The infamous rainforest covered peaks of a staggering 1,900 limestone islands pop out of nowhere in the foggy distance of Vietnam. The massive bay itself spans for 1,553 square kilometers, which to me, is unfathomable. We were able to only see a small area during our one day, one night cruise.
A small crew, including our guide Minh and eighteen guests spent those twenty-four some odd hours enjoying the views, indulging in the provided meals, visiting the largest cave in the area and a pearl farm. We woke to Tai Chi at 6am, a beach excursion, stunning view point hike, and a spring roll cooking class before we returned to the port.
This all was wonderful, and we got exactly what we paid for. I can add it to the list of World Heritage sites I’ve visited, which is totally rad. But, something caught me off-guard. On our way into the bay, Minh told us a story. At first, I thought he was pulling our legs, because it was April Fools Day and all. Then I thought, ‘Well this is not the way to get people to come back, speaking of, where my money at?’ Minh told us that as of that day there would be no more kayaking in Halong Bay.
We were all slightly disappointed, to say the least. More so, we were confused. According to Minh, over the past few years more and more restrictions have been added. At first, the iconic wooden ships all had to be painted white, thus changing a traditional and recognizable part of the bay. Then, only cruise boats were allowed into certain areas, assumingly for tourism purposes. The cave we visited is one of those places. I have no idea how many tourists visit that impressive cave daily, but you had best believe that souvenir kiosks are strategically set up right outside the mouth. The cave is also artificially and manually drained out so that tourists can venture in. Gotta love human interference #nope.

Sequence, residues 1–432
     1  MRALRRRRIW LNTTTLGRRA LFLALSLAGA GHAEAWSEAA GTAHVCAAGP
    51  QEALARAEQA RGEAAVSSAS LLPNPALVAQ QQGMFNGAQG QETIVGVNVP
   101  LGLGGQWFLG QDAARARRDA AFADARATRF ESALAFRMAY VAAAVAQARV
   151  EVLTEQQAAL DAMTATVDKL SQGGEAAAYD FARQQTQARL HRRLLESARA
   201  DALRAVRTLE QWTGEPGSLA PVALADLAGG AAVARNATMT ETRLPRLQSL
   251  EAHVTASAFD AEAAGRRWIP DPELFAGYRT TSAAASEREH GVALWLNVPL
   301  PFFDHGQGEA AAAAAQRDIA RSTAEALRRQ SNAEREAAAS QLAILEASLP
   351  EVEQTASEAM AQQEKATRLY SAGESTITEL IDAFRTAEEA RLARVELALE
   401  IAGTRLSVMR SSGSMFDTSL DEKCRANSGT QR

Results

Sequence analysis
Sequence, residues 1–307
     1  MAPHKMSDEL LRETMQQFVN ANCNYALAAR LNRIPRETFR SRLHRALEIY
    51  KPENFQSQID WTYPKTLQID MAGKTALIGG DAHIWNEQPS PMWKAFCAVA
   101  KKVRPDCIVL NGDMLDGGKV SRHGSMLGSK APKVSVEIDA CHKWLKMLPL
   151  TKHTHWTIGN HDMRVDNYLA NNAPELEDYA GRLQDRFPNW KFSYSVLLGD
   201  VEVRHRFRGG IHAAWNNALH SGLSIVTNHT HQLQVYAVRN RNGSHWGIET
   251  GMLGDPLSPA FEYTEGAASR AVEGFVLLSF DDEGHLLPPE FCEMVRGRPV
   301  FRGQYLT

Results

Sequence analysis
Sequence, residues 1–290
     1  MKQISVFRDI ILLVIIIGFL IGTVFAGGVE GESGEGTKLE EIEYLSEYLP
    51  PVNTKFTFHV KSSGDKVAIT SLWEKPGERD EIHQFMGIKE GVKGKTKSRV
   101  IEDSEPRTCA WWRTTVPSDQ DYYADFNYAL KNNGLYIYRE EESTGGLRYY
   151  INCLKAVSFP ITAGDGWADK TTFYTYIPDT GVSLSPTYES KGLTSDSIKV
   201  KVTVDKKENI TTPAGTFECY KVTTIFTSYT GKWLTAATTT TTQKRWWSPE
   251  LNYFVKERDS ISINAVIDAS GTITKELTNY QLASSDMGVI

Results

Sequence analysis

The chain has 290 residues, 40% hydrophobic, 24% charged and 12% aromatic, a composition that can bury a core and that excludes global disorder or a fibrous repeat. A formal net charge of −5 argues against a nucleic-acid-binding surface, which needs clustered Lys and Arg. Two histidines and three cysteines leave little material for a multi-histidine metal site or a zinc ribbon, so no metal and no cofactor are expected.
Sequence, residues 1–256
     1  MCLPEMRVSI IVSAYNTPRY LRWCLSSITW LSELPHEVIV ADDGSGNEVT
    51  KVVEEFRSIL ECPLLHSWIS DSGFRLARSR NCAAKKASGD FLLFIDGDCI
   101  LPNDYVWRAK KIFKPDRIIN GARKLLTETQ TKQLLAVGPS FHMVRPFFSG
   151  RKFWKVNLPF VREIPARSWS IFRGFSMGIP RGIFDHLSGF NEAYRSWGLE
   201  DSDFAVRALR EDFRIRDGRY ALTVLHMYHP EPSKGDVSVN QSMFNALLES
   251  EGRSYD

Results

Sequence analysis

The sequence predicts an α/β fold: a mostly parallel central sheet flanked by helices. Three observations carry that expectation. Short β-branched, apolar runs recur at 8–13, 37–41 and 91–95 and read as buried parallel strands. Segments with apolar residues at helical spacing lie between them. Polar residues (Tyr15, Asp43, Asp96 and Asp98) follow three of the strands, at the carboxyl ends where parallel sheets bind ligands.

Later, restrictions like the ‘no swimming’ and ‘no scuba diving’ rules came into play. And the latest, no kayaking. I’m sure some cruises will still provide kayaking as an option, while running the risk of fine. It seems that big brother is always watching the ships out there, for any chance to charge them and create problems.
It doesn’t surprise me that the list of restrictions is constantly lengthening. Some for safety reasons, others for sake of the environment, and so on. You’d think with all the rules there wouldn’t be garbage in the water, but that was an unfortunate reality. It would take a lot more effort than some rules that may or may not be followed to actually protect the bay. Rules and more rules; my biggest question involved the color change on the boats that the people prized so highly.
Some theories were thrown around, like plankton dying from the dark color of the boat being reflected into the water, or a toxic lacquer in the paints. Although there could be a logical reason why the color was changed, I can’t help but think it is just a power struggle between the boating community and the larger, more powerful corporations and governmental officials involved in the area. Thinking about the port area itself- upon arrival you are met with a Disneyland vibe. Literally, there were Disney characters on the light poles, but also an eerie silence. It was noticeable and you could tell that the massive resorts, perfectly paved roads, and continuous construction were all manifested on a built up piece of sand. A barren wasteland of sorts. The port area is all manmade, providing a place for pick up and transfer to the larger cruise ships. The streets are otherwise empty. With one coffee shop in the area, it all looked unnatural. Of course, a couple miles away stands Halong City- a bustling place that probably houses most of the staff who operate the countless ships that go out everyday.
Regardless, with the way it’s going, it seems that one day tours won’t be allowed within the bay. Environmentally, the lack of people will improve the wildlife in the area, because people are the worst. Economically, it could ruin an entire livelihood of people.